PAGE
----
Small Area Estimation of LFS
Analytical Services Branch is undertaking a project to assess the feasibility of producing small area estimates of labour force at the Local Government Area (LGA ) level. The Labour Force Survey (LFS) produces monthly estimates by dissemination region. These have an average population of 250,000 persons, large enough to provide only a minimal level of sampling accuracy. The high sampling error on many dissemination region estimates, plus the fact that they tend to cross labour market boundaries, limit their use for government policy development and program evaluation.
This is not the first time the Australian Bureau of Statistics (ABS) has undertaken small area estimation for labour force statistics. In the mid 1980’s the ABS investigated the structure preserving estimation (SPREE) methodology developed initially by Purcell in 1979 to produce LGA level estimates of unemployment by age and sex. SPREE used iterative proportional fitting to adjust Centrelink (formally known as the Department of Social Security) counts of unemployment benefit recipients to LFS estimates. SPREE estimates of unemployment continue to be produced at the Department of Education and Work Relations (DEWR).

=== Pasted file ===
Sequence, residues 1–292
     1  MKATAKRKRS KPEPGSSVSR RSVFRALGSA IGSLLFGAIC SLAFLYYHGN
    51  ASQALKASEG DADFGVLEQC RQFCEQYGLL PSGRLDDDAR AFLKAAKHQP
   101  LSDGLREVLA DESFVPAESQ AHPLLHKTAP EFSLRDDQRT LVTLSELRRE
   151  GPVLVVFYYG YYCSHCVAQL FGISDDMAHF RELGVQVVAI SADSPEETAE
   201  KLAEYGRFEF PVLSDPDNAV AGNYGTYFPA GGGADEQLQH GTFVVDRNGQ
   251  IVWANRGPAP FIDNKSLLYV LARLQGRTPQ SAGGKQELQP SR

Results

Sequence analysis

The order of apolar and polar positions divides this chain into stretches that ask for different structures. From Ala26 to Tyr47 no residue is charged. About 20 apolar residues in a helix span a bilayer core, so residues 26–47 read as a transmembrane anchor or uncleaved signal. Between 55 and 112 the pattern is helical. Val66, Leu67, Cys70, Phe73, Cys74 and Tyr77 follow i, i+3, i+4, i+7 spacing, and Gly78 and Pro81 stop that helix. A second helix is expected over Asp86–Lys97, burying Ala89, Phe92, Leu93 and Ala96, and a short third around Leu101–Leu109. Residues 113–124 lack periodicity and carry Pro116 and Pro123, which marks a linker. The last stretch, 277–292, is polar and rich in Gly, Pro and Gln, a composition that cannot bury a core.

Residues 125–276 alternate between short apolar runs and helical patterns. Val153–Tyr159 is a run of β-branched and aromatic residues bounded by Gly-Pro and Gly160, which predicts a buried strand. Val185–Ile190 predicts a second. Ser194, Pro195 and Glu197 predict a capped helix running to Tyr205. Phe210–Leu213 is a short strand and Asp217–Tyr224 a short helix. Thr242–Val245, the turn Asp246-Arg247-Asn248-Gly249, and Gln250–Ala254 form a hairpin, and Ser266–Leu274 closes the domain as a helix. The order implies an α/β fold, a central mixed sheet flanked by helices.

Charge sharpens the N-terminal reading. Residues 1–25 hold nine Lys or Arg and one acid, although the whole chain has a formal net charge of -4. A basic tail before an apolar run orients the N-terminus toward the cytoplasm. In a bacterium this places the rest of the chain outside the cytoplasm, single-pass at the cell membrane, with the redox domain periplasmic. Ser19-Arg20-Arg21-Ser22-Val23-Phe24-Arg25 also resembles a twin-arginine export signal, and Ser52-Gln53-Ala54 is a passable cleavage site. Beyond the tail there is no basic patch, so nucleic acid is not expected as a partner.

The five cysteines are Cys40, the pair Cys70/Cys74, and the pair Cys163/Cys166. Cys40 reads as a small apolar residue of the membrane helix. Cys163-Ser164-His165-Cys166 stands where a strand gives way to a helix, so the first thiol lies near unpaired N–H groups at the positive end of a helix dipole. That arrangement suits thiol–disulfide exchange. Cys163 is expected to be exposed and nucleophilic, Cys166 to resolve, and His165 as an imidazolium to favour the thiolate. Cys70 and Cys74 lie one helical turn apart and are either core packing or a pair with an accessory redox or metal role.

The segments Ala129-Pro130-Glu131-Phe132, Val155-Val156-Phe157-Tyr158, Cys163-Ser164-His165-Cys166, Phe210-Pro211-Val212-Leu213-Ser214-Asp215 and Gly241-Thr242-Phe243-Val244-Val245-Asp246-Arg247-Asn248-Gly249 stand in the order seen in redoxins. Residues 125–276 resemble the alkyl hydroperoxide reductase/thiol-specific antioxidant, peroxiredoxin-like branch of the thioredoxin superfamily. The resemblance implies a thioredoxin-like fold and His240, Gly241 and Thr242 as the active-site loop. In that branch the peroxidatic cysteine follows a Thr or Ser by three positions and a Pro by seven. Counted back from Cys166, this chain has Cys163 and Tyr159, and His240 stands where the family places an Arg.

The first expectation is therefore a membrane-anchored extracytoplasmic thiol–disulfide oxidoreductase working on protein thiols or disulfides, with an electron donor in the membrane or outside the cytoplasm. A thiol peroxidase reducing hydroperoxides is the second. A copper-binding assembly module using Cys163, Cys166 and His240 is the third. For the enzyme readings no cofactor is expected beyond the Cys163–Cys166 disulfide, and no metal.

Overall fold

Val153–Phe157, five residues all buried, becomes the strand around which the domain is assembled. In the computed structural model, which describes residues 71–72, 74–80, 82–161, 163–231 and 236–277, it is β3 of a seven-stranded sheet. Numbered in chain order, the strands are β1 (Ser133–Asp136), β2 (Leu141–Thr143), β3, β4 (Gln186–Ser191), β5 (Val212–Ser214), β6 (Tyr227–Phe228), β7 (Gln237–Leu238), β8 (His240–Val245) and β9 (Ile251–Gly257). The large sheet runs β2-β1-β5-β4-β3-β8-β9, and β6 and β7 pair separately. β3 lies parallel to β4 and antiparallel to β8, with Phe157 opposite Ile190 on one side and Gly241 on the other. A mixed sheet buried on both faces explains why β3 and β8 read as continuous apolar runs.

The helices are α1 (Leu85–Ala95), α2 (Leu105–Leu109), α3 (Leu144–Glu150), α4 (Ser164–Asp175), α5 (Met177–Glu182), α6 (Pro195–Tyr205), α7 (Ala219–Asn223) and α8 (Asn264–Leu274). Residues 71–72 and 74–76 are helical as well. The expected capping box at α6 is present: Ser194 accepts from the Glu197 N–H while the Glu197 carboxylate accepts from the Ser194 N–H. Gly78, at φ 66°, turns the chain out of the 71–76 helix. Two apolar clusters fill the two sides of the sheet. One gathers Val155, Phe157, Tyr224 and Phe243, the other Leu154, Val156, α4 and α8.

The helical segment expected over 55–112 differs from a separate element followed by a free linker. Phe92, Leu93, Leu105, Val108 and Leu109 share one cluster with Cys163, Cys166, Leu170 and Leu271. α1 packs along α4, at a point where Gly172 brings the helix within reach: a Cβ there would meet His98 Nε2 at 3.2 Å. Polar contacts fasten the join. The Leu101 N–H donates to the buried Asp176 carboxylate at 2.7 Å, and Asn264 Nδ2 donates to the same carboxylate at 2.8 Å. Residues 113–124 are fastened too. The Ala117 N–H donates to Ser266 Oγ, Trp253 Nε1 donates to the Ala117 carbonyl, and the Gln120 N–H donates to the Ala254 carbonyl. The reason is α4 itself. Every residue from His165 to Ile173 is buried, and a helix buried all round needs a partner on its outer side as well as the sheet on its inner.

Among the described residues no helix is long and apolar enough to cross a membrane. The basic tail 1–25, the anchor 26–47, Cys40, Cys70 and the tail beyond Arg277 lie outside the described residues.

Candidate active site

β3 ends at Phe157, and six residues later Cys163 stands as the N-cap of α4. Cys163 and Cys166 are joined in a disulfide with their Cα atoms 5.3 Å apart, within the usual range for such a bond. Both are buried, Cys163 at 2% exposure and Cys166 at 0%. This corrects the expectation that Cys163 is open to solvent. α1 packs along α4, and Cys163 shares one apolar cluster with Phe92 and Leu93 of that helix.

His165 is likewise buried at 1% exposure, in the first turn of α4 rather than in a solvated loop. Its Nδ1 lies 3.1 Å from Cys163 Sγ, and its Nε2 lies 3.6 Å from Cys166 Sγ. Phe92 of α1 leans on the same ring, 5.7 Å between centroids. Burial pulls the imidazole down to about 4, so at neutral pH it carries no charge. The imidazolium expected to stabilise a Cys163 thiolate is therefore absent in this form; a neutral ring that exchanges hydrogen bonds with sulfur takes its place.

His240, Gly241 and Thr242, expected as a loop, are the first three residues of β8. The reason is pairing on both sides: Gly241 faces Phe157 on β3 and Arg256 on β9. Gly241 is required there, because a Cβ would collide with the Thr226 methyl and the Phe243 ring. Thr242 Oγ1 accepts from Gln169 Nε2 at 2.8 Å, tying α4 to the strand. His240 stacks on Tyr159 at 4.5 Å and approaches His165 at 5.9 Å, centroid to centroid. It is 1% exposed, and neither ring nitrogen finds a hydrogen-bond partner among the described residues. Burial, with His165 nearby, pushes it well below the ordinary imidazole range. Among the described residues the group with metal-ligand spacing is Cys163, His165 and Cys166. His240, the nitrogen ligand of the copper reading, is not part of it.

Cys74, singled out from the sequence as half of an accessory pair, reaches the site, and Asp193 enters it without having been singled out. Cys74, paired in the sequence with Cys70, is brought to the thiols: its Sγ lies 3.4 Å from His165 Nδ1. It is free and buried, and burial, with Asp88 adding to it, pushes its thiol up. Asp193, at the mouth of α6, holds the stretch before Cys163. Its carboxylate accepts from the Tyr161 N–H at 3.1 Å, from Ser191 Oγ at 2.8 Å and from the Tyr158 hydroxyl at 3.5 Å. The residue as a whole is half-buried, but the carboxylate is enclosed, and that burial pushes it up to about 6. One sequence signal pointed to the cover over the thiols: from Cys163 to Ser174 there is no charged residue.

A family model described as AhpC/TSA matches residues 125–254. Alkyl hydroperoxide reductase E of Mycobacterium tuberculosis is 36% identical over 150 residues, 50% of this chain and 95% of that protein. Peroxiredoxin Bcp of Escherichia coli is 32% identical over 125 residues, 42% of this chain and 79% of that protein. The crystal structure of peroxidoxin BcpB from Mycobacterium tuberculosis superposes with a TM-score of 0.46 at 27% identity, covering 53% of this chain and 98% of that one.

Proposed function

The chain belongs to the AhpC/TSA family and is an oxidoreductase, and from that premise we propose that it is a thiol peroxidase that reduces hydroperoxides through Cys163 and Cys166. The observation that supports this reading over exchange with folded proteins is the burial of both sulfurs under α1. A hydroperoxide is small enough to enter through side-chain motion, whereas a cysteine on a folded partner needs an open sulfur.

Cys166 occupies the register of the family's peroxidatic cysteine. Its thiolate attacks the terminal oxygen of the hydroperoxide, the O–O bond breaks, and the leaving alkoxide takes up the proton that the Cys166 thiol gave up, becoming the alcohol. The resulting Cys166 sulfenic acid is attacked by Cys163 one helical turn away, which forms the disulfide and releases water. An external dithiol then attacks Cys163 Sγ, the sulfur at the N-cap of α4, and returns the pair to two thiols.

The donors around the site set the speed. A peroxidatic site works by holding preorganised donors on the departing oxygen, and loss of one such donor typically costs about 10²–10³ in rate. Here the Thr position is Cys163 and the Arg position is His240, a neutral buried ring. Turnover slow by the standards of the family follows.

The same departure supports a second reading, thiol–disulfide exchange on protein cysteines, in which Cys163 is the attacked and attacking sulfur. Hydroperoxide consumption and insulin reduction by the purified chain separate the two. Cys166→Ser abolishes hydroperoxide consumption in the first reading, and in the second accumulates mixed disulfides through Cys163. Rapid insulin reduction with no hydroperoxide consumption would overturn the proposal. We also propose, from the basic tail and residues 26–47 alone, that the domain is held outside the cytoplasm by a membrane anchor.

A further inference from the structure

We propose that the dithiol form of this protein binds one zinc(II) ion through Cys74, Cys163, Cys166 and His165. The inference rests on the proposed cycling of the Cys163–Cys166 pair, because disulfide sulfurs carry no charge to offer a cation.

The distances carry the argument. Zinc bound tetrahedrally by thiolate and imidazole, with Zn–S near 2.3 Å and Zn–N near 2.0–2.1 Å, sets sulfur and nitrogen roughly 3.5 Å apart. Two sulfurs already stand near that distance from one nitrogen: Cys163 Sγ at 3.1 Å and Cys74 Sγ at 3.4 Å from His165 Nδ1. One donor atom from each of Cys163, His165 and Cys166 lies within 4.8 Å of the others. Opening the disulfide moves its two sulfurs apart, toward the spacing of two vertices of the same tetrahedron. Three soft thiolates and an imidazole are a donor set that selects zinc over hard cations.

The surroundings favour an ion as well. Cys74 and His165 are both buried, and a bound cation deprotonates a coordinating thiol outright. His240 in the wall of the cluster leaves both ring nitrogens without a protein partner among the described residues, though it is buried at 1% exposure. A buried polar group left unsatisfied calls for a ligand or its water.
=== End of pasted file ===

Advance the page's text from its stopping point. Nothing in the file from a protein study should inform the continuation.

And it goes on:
The current feasibility study follows the Office of National Statistics (ONS), UK approach of fitting a small area model to one month of LFS estimates. To date, the models we have fitted have been of fair quality but there are a number of obstacles we need to overcome before we are prepared to certify the quality of the output. These issues include:
- assessing the quality both in terms of the goodness of fit of the models and the reliability of the small area predictions themselves;
- whether we can easily improve on the quality of the model fit without resorting to more complex methods;
- the reliable prediction for off-census time points given that LFS covariates are not available for out of survey areas; and
- validation of the small area output using local expert knowledge.
A feasibility report will be produced in the coming months which will make recommendations on whether the output obtained so far is suitable for release and whether further work is likely to improve the estimates to a sufficient level.
For further information please contact Daniel Elazar on (02) 6252 6962.